Tuesday, May 31, 2011

Is Social Media Really New?

After the spectacular LinkedIn IPO a lot of people have been asking if this social media company is really worth almost $8 billion or could this be another bubble? For that matter, what, exactly, is social media?

While participating in a strategic planning meeting, recently, I was asked, "What will communications look like in 2020?" After some thought, my answer was, "social media." Social communications, just like mass communications, has been around since the dawn of civilization, however, the media used to convey social communications is very new.

Mass media (the medium, not the industry) began with the printing press which was invented in the 1400s. As a result of technological advances, mass media exploded in the first half of the Twentieth Century with radio and T.V. and it continued growing with the adoption of the Internet.

Social media, however, is truly a new media. Whereas mass media is a one-to-many method of communications that is one way, social media is a two way, many-to-many, communications channel.

Social media, like many new, unexpected, forms of communication, was first looked upon with skepticism. We saw skepticism like this in the mid 1990s as cell phones became popular. The first few times I noticed people talking on cell phones in public, even when polite etiquette was followed, my reaction was, "What's so important that you have to talk now?" Yet, today, talking on a cell phone in public is not a big deal. However, in the case of new media, many still have the same reaction when everyday-people blog, tweet, and use Facebook on a daily basis.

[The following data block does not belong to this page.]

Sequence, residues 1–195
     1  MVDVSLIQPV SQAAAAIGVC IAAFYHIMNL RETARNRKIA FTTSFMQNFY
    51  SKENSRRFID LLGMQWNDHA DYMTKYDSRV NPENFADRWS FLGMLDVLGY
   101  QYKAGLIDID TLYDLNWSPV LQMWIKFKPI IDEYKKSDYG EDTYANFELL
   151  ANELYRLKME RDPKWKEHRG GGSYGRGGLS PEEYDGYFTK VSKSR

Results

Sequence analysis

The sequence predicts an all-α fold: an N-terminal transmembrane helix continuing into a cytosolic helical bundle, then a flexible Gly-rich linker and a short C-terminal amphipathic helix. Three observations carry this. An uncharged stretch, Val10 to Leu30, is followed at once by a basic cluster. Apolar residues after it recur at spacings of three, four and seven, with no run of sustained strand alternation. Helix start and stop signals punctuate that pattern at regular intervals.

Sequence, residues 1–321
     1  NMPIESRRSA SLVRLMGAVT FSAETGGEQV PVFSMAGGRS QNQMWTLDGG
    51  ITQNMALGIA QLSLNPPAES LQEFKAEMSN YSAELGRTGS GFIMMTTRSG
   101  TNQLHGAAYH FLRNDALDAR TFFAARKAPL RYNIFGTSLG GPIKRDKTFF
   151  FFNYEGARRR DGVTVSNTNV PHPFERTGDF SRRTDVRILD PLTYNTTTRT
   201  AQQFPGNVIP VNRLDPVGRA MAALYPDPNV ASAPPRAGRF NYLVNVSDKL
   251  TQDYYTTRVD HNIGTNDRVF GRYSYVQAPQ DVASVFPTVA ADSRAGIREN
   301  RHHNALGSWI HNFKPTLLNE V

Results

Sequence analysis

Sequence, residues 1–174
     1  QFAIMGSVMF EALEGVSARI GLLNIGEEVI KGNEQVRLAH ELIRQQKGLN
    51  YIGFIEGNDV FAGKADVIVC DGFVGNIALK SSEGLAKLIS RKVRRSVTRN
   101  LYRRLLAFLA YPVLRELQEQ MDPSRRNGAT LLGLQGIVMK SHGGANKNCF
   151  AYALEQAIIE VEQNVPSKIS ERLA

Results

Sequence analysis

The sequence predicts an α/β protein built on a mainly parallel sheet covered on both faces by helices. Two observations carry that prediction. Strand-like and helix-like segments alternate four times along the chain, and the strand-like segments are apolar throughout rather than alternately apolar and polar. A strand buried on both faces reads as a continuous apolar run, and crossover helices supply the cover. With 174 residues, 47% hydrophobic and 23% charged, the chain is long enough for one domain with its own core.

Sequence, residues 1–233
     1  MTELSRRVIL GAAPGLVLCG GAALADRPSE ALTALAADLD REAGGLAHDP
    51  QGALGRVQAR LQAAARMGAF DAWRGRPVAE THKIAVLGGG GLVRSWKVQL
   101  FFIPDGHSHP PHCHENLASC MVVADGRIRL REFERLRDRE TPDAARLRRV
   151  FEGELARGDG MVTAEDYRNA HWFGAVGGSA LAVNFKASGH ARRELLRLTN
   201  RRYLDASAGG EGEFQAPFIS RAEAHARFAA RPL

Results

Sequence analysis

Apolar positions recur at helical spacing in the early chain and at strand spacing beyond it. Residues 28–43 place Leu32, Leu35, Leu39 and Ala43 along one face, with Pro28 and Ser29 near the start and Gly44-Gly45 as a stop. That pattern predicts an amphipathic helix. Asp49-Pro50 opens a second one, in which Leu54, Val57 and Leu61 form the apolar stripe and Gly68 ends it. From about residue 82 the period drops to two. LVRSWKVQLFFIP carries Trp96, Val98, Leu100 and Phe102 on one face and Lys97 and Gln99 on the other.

Why does someone need to "tell the world" what they're doing when it's as mundane as, "My cat just rolled over?" In the case of social media, this could easily lead to a conversation between cat lovers who didn't know each other. Everyone enjoys spending some time engaging likeminded people. Social media simply extends the social conversations that we have at the water cooler, on the phone, or during dinner, and moves them into cyberspace.

While specific media and technologies may come and go, such as the 8-track, telegram, or the fax; other, more fundamental forms of communication are here to stay. However, new forms of media do not quickly replace the old ones any more than the telephone has replaced radio communications, or that e-mail has replaced "snail mail".

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